- Television licensing in the Republic of Ireland
Republic of Ireland, a television licenceis required for any address at which there is a televisionset. In 2008, the annual licence fee is €160.cite web |url=http://www.anpost.ie/AnPost/MainContent/Personal+Customers/More+from+An+Post/TV+Licence/
title= Personal Customers / TV licence |accessdate=2008-05-02 |publisher=
An Post] Revenue is collected by An Post, the Irish postal service. The bulk of the fee is used to fund Radio Telefís Éireann(RTÉ), the state broadcaster.
The licence must be paid for any premises that has any equipment that can potentially decode TV signals, even those that are not RTÉ's. The licence is free to anyone over the age of 70, some over 66, some
Social Welfarerecipients, and the blind. The fee for the licences of such beneficiaries is paid for by the state.
Collection and evasion
An Post is responsible for collection of the licence fee and commencement of
prosecutionproceedings in cases of non-payment. Licences can be purchased and renewed at post offices (in person or by post), or by using a credit cardor debit cardvia a call centreor via the internet. An Post receives commission to cover the cost of its collection service. As of 2004, An Post had signalled its intention to withdraw from the business. [cite web |url=http://www.audgen.gov.ie/documents/vfmreports/47_TVLicence.pdf |format=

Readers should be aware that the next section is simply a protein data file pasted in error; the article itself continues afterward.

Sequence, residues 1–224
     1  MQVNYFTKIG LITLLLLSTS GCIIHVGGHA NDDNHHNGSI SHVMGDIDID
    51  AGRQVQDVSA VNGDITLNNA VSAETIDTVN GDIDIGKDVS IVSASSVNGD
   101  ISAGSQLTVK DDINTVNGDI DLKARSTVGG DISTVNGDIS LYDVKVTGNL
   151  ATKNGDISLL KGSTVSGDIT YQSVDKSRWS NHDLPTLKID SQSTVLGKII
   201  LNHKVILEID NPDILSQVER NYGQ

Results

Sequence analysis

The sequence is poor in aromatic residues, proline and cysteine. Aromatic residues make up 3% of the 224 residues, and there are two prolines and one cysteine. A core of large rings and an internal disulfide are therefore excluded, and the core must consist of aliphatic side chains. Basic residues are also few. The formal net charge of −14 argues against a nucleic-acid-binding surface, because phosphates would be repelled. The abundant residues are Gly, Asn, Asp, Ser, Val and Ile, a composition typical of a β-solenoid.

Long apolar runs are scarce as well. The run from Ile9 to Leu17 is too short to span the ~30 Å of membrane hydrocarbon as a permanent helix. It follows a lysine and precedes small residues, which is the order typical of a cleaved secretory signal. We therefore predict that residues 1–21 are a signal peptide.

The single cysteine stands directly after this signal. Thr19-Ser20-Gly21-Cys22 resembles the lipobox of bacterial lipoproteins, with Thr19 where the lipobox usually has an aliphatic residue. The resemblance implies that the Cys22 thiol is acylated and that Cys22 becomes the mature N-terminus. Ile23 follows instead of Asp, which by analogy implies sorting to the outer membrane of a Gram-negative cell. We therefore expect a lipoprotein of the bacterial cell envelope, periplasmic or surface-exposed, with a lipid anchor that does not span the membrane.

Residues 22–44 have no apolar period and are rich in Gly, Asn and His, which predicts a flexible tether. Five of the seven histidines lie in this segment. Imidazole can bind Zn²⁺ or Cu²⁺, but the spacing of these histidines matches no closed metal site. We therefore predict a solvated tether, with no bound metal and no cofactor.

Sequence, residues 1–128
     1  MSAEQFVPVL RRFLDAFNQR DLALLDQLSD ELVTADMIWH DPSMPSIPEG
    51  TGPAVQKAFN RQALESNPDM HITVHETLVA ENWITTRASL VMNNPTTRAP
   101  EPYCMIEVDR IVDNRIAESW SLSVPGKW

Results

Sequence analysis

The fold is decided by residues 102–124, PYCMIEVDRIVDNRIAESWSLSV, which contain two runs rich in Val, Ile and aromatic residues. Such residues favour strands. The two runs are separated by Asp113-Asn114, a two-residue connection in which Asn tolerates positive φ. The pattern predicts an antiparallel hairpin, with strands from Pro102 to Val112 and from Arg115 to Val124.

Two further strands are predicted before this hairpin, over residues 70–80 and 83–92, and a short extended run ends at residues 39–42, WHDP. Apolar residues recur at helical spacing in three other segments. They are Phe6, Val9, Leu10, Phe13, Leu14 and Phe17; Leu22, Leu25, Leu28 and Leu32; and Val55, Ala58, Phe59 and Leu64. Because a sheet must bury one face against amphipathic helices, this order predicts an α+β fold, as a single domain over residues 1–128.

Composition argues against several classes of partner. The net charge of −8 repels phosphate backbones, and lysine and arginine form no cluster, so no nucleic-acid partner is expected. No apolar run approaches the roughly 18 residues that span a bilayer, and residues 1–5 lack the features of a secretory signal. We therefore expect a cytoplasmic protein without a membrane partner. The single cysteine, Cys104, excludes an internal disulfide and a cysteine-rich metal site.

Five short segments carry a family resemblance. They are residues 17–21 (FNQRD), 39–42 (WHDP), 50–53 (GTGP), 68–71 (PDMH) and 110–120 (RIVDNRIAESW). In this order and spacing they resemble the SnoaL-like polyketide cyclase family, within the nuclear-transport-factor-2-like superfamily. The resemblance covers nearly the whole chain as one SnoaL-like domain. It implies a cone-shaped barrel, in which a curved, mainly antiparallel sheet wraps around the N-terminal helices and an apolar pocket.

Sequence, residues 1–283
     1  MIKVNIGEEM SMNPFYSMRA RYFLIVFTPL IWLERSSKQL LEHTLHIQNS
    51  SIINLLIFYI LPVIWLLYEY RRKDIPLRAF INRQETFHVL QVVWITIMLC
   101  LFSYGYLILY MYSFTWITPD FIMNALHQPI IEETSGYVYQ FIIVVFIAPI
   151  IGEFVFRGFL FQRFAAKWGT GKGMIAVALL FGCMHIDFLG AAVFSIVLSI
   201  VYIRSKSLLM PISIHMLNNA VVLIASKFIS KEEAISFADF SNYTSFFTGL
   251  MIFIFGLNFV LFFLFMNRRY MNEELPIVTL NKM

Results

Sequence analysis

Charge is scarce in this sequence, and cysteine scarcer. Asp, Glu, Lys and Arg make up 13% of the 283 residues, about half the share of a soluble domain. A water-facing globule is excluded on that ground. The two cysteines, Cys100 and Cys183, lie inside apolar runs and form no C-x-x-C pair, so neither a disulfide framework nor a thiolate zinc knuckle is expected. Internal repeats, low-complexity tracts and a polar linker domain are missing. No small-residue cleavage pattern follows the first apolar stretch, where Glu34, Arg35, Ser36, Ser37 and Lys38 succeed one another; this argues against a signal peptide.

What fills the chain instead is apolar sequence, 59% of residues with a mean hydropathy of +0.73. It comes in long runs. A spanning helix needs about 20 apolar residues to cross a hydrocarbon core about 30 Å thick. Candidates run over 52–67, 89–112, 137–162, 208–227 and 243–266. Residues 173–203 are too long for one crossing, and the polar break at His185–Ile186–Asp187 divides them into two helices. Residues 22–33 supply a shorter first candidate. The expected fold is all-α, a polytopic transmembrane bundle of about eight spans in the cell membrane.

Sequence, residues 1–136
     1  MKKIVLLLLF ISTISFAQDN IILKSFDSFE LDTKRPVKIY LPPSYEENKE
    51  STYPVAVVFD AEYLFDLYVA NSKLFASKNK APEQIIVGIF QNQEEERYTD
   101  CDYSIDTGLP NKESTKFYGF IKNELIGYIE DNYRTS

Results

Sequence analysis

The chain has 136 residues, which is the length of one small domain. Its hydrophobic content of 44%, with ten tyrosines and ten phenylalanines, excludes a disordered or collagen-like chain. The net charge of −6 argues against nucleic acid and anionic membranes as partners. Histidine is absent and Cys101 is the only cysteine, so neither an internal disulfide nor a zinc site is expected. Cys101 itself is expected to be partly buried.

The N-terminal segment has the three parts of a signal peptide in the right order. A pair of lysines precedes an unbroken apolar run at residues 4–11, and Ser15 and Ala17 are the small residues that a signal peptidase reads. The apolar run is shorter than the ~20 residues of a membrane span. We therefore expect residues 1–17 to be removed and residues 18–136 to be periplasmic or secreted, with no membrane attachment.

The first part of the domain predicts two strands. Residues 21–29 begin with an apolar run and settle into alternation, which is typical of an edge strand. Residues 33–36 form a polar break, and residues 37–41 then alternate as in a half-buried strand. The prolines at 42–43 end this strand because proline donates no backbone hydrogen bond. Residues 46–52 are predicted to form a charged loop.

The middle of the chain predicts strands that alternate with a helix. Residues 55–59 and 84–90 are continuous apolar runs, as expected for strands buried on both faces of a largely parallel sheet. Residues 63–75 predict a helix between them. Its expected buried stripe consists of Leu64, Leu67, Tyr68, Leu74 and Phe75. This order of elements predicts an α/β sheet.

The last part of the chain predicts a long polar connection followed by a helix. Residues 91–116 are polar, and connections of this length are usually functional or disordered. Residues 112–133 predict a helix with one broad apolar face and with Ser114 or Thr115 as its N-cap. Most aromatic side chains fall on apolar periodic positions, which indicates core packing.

title=Television Licence Fee Collection
Comptroller and Auditor General|first=John |last=Purcell |date= January 222004 |pages=§2.12]
An Post maintains a database of addresses and uses this to inspect suspected cases of non-payment. Television dealers are required to supply details of people buying or renting televisions; this is no longer enforced as details supplied were unreliable. [Purcell, §2.35] There is no obligation on cable and satellite providers to supply details of subscribers. [Purcell, §2.37]
Inspectors, who are An Post employees, visit the premises to verify if TV receiving equipment is present. If speedy payment of the licence is not made following an inspection, court proceedings are commenced by An Post. [Purcell, pg. 34, Figure 3.5] In 2002, the rate of licence-fee evasion was estimated at 12%. [Purcell, §2.5] In the
Dublinregion in that year, approximately 21% of detected evaders were summonsed for prosecution (6,000 cases); [Purcell, §3.62] approximately one third of these cases resulted in fines, averaging €174. [Purcell, §3.68] Only 4% of fined evaders followed up three months later had purchased a licence. [Purcell, §3.70]
TV licence fees make up 50% of the revenue of RTÉ. The bulk of the rest comes from RTÉ broadcasting